Boris Johnson will come under renewed pressure to reverse a £4 billion cut to Britain’s overseas aid budget amid widespread anger among some Tory MPs.
On Monday Commons Speaker Sir Lindsay Hoyle ruled an attempt to amend unrelated legislation to force the Government to reinstate its commitment to spend 0.7% of national income on aid was out of order.
However MPs did secure a three-hour emergency debate on Tuesday in which Tory critics – including former prime minister Theresa May – are expected to to pile on pressure ahead of this week’s G7 summit in Cornwall.
Sir Lindsay also made clear that he expected ministers to give MPs a chance to have an “effective” vote on the decision to suspend the 0.7% commitment – which is enshrined in legislation.
Any vote after Tuesday’s debate would be non-binding on the Government and purely symbolic.
But the rebel leader, former international development secretary Andrew Mitchell, said that if there had been a vote on the amendment on Monday, the Government would have lost by up to 20 – despite a working majority of more than 80.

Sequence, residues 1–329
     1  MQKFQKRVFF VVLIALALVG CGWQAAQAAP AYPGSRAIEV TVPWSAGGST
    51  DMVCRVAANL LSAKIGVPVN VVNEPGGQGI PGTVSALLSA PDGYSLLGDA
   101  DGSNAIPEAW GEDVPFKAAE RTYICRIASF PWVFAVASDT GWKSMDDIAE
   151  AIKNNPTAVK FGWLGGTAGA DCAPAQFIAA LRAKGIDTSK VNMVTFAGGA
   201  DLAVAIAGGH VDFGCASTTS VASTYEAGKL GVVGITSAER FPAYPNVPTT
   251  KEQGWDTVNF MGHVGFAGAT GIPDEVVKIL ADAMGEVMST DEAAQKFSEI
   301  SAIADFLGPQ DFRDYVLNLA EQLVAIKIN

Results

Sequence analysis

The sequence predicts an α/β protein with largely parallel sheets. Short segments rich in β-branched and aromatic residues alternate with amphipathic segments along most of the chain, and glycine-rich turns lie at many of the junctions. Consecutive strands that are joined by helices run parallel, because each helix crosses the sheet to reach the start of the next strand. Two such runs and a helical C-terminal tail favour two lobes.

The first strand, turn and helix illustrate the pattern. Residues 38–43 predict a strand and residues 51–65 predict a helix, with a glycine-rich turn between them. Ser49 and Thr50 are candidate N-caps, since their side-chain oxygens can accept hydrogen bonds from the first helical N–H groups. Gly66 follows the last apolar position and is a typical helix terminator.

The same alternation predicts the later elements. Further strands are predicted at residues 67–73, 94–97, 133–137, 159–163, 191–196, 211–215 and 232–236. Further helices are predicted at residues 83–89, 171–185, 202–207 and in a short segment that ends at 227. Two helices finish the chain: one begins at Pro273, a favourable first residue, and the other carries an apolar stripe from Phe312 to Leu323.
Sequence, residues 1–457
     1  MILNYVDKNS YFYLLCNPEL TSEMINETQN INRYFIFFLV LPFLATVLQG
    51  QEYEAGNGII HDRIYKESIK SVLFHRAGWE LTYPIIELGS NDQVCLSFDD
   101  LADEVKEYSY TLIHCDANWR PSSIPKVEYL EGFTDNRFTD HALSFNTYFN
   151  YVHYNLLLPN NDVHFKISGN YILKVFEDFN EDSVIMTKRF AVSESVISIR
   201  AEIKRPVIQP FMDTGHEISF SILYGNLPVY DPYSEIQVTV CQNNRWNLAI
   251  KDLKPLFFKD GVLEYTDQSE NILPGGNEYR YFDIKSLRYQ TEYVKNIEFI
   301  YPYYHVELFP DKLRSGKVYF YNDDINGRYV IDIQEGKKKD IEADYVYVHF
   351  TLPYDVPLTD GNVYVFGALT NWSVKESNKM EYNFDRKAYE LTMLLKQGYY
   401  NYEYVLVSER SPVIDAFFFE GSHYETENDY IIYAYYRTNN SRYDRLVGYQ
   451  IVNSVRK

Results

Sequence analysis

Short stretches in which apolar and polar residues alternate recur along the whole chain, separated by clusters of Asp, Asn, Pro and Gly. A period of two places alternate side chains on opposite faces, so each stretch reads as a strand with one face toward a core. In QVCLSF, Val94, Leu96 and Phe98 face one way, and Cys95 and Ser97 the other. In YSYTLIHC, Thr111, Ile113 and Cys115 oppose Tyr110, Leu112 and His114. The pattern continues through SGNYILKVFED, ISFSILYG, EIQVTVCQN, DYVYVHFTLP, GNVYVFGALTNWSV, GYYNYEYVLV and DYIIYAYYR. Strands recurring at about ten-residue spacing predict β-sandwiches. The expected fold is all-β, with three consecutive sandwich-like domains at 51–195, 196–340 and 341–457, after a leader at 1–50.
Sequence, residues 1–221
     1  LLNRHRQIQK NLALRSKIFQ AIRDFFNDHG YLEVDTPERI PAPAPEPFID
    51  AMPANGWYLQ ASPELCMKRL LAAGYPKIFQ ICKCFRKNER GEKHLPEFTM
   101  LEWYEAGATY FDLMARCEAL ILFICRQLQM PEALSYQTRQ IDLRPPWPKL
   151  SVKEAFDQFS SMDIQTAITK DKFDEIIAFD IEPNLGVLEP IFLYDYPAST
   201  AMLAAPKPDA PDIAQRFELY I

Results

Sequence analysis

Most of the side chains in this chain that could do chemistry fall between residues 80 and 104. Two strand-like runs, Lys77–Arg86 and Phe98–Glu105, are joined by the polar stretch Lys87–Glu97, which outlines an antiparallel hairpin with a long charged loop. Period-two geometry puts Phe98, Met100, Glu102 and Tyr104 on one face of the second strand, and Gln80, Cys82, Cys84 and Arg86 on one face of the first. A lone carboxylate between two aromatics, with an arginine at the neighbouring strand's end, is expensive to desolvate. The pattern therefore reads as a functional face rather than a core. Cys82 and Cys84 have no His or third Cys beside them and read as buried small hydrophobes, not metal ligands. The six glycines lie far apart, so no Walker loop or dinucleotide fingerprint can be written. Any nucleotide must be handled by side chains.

He told MPs the Government was “riding roughshod” over Parliament.
“In the week of the British chairmanship of the G7, the Government’s failure to address this issue will indisputably mean that hundreds of thousands of avoidable deaths will result,” he said.
While there will have been relief in Downing Street at avoiding a humiliating defeat ahead of the summit in Cornwall, the scale of the opposition means the issue will not go away.
A Government spokesman said that its actions were in line with the International Development Act 2015 which explicitly envisaged there may be circumstances when the 0.7% target is not met.
The spokesman said they remained committed to restoring the target “when the fiscal situation allows”.
“The impact of the pandemic on the public finances has forced us to take tough but necessary decisions on how we spend taxpayers’ money, including temporarily reducing the aid budget to 0.5% of GNI (gross national income),” the spokesman said.
“In 2021 we will still spend more than £10 billion to improve global health, fight poverty and tackle climate change – making us one of the biggest aid donors in the G7.”